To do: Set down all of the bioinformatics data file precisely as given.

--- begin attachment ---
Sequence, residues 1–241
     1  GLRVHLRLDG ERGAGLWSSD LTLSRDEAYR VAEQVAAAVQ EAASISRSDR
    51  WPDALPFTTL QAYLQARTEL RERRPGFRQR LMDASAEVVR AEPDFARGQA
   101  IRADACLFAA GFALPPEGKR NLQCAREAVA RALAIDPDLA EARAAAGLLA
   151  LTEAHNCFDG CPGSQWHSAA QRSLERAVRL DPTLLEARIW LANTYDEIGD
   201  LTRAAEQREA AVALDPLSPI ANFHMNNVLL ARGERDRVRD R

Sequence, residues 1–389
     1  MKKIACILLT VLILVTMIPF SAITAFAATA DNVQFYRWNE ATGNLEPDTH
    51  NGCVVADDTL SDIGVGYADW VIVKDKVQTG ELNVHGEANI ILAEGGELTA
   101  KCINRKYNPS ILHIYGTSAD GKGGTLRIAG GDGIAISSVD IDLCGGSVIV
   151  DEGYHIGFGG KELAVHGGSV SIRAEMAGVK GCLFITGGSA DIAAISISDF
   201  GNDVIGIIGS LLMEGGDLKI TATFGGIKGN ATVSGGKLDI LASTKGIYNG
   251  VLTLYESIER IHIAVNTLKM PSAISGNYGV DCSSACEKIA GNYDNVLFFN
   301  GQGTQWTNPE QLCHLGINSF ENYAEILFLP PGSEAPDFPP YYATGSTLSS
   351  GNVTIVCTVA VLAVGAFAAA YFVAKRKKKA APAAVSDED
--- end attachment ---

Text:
Sequence, residues 1–241
     1  GLRVHLRLDG ERGAGLWSSD LTLSRDEAYR VAEQVAAAVQ EAASISRSDR
    51  WPDALPFTTL QAYLQARTEL RERRPGFRQR LMDASAEVVR AEPDFARGQA
   101  IRADACLFAA GFALPPEGKR NLQCAREAVA RALAIDPDLA EARAAAGLLA
   151  LTEAHNCFDG CPGSQWHSAA QRSLERAVRL DPTLLEARIW LANTYDEIGD
   201  LTRAAEQREA AVALDPLSPI ANFHMNNVLL ARGERDRVRD R

Sequence, residues 1–389
     1  MKKIACILLT VLILVTMIPF SAITAFAATA DNVQFYRWNE ATGNLEPDTH
    51  NGCVVADDTL SDIGVGYADW VIVKDKVQTG ELNVHGEANI ILAEGGELTA
   101  KCINRKYNPS ILHIYGTSAD GKGGTLRIAG GDGIAISSVD IDLCGGSVIV
   151  DEGYHIGFGG KELAVHGGSV SIRAEMAGVK GCLFITGGSA DIAAISISDF
   201  GNDVIGIIGS LLMEGGDLKI TATFGGIKGN ATVSGGKLDI LASTKGIYNG
   251  VLTLYESIER IHIAVNTLKM PSAISGNYGV DCSSACEKIA GNYDNVLFFN
   301  GQGTQWTNPE QLCHLGINSF ENYAEILFLP PGSEAPDFPP YYATGSTLSS
   351  GNVTIVCTVA VLAVGAFAAA YFVAKRKKKA APAAVSDED